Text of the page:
Nix also spoke to the reporters:
...“Pretty much every message that Trump put out was data-driven,” Alexander Nix remembers. On the day of the third presidential debate between Trump and Clinton, Trump’s team tested 175,000 different ad variations for his arguments, in order to find the right versions above all via Facebook. The messages differed for the most part only in microscopic details, in order to target the recipients in the optimal psychological way: different headings, colors, captions, with a photo or video. This fine-tuning reaches all the way down to the smallest groups, Nix explained in an interview with us. “We can address villages or apartment blocks in a targeted way. Even individuals.”
This approach was also used to discourage potential Clinton voters, according to the reporters, and was also used by door-to-door canvassers:
From July 2016, Trump canvassers were provided with an app with which they could identify the political views and personality types of the inhabitants of a house. It was the same app provider used by Brexit campaigners. Trump’s people only rang at the doors of houses that the app rated as receptive to his messages. The canvassers came prepared with guidelines for conversations tailored to the personality type of the resident. In turn, the canvassers fed the reactions into the app, and the new data flowed back to the dashboards of the Trump Campaign.
The decision to focus on Michigan and Wisconsin in the final weeks of the campaign was made on the basis of data analysis
This data is what made Trump hone in on specific swing counties, according to the reporters:
The Democrats did similar things, but there is no evidence that they relied on psychometric profiling. Cambridge Analytica, however, divided the US population into 32 personality types, and focused on just 17 states. And just as Kosinski had established that men who like MAC cosmetics are slightly more likely to be gay, the company discovered that a preference for cars made in the US was a great indication of a potential Trump voter. Among other things, these findings now showed Trump which messages worked best and where. The decision to focus on Michigan and Wisconsin in the final weeks of the campaign was made on the basis of data analysis. The candidate became the instrument for implementing a big data model.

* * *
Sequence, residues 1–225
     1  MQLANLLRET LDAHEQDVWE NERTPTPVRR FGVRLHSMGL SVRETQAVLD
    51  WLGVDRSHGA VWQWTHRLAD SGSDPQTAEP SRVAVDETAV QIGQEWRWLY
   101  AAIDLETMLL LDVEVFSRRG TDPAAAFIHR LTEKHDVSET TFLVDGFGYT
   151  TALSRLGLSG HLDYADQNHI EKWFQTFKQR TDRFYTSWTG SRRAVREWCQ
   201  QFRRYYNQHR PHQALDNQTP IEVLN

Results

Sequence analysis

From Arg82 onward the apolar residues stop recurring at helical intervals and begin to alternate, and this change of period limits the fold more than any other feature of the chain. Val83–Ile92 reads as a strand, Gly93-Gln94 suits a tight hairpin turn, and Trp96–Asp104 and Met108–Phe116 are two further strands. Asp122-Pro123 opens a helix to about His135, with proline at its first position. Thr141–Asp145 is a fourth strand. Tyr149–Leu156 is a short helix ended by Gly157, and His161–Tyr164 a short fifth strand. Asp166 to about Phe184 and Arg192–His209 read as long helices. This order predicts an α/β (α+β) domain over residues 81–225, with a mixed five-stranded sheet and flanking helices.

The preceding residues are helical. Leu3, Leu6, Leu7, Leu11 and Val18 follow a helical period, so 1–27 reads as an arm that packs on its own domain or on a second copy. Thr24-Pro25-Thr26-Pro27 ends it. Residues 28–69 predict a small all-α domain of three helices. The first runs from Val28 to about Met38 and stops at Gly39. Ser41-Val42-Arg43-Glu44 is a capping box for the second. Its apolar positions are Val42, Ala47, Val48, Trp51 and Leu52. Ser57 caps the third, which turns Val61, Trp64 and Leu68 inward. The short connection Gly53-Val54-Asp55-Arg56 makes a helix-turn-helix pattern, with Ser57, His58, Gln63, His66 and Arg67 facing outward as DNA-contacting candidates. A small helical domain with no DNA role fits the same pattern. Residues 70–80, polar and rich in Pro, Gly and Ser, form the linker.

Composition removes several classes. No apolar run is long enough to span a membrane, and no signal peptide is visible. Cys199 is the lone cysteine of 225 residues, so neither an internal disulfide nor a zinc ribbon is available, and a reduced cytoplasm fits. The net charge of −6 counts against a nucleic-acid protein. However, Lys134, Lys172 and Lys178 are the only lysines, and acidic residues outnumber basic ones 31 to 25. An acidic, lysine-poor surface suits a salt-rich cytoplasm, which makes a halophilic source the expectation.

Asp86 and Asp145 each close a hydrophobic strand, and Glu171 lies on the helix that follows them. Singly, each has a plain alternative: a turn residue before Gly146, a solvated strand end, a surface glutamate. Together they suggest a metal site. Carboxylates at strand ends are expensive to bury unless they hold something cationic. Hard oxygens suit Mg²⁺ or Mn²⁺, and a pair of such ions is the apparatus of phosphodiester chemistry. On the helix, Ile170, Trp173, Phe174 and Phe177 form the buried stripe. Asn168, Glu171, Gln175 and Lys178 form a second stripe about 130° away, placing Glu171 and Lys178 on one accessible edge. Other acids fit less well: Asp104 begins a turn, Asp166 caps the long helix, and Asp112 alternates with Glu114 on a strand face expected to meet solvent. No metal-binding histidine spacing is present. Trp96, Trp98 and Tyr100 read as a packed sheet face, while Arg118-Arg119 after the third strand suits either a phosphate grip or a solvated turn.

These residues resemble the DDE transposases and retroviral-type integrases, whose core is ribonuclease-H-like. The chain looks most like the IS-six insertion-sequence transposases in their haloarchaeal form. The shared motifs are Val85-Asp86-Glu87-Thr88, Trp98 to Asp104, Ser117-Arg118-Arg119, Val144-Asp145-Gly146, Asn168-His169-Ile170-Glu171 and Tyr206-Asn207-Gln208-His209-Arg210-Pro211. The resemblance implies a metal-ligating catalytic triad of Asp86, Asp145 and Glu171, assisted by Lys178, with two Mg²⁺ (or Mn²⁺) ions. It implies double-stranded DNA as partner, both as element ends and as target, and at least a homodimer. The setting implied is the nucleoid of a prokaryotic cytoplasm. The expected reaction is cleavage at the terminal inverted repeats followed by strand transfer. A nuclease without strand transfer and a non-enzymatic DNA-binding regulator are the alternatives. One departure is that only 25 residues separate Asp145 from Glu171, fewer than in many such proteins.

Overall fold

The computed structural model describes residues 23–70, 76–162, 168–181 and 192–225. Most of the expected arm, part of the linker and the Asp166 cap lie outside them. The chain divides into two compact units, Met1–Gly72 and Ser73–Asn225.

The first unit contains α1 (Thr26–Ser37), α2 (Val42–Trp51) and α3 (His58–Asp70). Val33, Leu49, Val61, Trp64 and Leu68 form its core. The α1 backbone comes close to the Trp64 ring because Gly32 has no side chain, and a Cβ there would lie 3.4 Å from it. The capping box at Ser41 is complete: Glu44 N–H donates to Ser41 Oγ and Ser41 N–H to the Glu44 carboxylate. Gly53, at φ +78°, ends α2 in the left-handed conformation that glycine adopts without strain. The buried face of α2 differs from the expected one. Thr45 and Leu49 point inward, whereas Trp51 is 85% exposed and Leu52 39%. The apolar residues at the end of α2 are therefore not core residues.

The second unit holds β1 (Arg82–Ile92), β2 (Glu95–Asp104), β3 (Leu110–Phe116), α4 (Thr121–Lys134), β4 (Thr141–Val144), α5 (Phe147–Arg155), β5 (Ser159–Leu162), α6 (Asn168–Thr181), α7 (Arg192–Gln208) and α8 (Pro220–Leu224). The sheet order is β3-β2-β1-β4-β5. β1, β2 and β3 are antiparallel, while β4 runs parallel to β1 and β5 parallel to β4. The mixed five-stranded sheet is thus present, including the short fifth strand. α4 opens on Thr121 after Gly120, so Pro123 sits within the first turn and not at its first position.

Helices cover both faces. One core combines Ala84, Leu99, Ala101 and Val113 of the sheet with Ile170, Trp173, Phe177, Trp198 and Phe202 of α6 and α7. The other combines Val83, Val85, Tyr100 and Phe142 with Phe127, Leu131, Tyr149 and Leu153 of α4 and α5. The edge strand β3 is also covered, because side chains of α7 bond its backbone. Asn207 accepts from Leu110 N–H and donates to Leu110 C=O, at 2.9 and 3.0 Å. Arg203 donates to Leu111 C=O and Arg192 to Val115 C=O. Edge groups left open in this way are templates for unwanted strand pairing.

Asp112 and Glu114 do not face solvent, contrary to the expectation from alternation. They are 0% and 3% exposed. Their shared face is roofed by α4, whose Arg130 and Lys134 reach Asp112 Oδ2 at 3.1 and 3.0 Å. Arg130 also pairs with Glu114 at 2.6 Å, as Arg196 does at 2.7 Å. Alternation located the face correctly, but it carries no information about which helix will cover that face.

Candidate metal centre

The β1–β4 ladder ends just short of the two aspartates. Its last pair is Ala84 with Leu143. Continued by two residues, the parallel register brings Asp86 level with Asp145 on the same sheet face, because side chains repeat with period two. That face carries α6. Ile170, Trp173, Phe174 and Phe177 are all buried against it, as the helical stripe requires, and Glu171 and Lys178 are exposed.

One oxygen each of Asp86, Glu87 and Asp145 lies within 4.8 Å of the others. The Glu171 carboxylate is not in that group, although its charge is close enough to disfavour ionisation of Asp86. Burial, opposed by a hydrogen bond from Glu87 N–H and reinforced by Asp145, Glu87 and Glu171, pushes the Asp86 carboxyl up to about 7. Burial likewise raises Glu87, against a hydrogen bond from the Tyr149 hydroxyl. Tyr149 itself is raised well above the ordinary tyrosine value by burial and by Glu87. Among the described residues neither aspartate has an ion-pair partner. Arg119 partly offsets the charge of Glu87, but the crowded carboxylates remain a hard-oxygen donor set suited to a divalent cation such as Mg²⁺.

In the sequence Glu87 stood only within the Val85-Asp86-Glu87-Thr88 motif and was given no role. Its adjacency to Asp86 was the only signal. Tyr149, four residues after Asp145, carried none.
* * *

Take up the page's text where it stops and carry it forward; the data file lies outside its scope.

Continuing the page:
After the original German publication of this story, Cambridge Analytica denied that it uses data from Facebook — which contradicts previous statements made by the company — or that it adapted Kosinski's approach.
The power and accuracy of “big data” tends to be overhyped. When members of Outline staff — admittedly, not a crew that “likes” a lot of stuff on Facebook — tried Kosinski's site, the results were mixed.
The story, which is worth reading in full, is also inconclusive. It's difficult to tell exactly what impact Cambridge Analytica had on the election, and how much of it was due to Facebook personality targeting. However, the unexpected rise of Cruz during the primaries and his win in Iowa; coupled with Trump's unexpected win and the failure of polls to predict it, supports that conclusion. Either way, we're starting to realize the consequences of giving up so much personal information to Facebook for free.